Gacy, the serial killer who performed as a clown at parties and buried his victims underneath his home, is the most popular figure because of its design — Johnson depicts Gacy in full Pogo the Clown gear. Johnson says he receives many requests to make a Charles Manson figure, but cannot make one because Manson has exclusive rights to his image.
However, Johnson says he does have boundaries. He will not make figures of Osama bin Laden or Dylan Klebold and Eric Harris, the culprits behind the Columbine massacre.
"I wouldn't do Osama bin Laden. I watched that happen on TV … I have some personal qualms about that. I have no interest," he said. "People ask me about Klebold and Harris, but that's too close to home for me.
"I live in Denver," he said. "It wouldn't be too safe for me if I did … people take exception enough as it is with what I do. Besides I knew people who were affected by Columbine."
Free Speech and Enterprise: Murderabilia's Greatest Allies
The fight to keep criminals from profiting from murderabilia and their own crimes has clashed with freedom of speech and right to free enterprise. And that conflict has hampered Kahan's fight against murderabilia. Last year, Kahan noticed that a CD by Charles Manson, while not likely to be sold openly in mainstream record stores, could be sold on Web sites such as Barnes & Noble, Circuit City, Best Buy, and Borders.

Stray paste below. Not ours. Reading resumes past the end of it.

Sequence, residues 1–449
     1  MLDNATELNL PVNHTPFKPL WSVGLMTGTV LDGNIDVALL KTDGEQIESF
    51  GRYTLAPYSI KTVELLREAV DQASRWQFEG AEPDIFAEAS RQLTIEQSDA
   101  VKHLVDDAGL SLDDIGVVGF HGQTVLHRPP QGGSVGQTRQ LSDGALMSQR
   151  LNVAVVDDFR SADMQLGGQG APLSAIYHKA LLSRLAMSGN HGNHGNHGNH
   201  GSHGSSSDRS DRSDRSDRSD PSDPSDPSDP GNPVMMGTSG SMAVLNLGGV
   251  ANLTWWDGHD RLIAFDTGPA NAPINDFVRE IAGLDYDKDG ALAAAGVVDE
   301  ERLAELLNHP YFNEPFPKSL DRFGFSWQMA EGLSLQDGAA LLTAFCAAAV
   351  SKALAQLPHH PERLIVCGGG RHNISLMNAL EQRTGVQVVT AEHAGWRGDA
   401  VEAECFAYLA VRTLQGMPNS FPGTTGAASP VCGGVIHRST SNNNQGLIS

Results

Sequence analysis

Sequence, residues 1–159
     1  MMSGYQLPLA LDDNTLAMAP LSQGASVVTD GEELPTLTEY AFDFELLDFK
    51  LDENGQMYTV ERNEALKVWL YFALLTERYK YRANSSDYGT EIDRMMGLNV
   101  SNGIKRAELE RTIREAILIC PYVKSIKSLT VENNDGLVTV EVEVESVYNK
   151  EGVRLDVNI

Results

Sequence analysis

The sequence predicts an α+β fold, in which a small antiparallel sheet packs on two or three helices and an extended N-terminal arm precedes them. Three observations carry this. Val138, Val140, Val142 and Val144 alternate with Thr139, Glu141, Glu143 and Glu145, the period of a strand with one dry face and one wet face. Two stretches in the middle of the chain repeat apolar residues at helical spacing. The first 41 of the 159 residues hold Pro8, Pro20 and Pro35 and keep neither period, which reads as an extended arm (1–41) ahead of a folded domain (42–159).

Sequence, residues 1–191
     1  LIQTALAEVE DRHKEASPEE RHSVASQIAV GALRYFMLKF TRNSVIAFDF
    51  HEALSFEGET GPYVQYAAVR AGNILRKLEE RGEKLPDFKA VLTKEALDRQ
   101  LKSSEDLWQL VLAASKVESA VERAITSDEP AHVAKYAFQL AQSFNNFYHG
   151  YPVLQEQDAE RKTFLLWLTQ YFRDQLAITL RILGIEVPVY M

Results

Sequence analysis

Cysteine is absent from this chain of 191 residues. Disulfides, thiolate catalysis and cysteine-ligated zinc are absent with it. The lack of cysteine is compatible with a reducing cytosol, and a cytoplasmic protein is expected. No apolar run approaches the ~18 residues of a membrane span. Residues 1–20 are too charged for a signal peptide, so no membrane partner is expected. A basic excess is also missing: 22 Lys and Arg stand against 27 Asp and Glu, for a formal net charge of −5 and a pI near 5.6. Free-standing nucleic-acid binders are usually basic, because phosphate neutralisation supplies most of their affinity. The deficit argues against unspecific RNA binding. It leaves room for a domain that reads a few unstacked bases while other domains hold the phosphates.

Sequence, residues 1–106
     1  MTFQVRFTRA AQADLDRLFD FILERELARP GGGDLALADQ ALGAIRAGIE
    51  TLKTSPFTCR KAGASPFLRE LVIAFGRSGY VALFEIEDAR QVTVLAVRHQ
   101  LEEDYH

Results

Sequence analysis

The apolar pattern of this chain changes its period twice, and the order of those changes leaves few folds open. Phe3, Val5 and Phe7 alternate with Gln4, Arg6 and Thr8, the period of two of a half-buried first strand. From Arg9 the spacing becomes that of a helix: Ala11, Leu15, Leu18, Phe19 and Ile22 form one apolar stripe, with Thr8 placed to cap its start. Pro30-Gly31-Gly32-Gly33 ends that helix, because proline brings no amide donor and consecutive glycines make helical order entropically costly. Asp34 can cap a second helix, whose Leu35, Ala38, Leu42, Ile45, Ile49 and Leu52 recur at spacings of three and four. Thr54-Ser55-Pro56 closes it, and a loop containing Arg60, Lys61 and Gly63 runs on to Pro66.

Kahan said he wrote a complaint letter to the companies and asked them to remove the Manson CD from their sites' search engines. Circuit City stopped selling Manson's album on its site. Kahan said Barnes & Noble did not respond to his letter. Best Buy took the album off its site temporarily, but today it can be found through use of a search engine.
Borders refused to stop selling the CD, telling Kahan it was a First Amendment issue and that selling Manson's music was not different than selling books written about him.
First Amendment issues aside, Kahan said retailers could take the "high road" with potential murderabilia items.
"Retail companies cannot prevent someone from expressing themselves but they do have a right to decide what they want to sell to the public, what products they want to offer to the public," Kahan said.
The decision on whether to carry murderabilia items depends on a retailer or Internet auction site's definition of murderabilia. Within a week after Andrea Yates' conviction for drowning her children, documents from her case were up for auction on eBay. Texas' law does not cover public documents, and eBay officials said they had discretion to decide which items fall under their murderabilia ban.
‘Serial Killers: Series 2’ On The Way
Despite legal obstacles, Kahan is proud of the progress that has been made in combating murderabilia profits. Though he cannot legally stop the profits made from manufactured murderabilia, Kahan takes solace in that vendors and criminals themselves will not be able to cash in their clipped hair and toenails. And he hopes others states like Colorado will adopt similar murderabilia laws.
"We're willing to work with any state who needs help," said Kahan. "We've made a lot of strides, but like a Tom and Jerry cartoon, it's a battle."
Meanwhile, Johnson is working on another set of action figures that will include famous prolific killers Jack the Ripper, Alferd Packer and Lizzie Borden.
And as long as his action figures are in demand, Johnson has no plans to stop soon.
"I didn't make these guys famous," he said. "These guys were famous long before I got here. If the interest wasn't there, I wouldn't be here."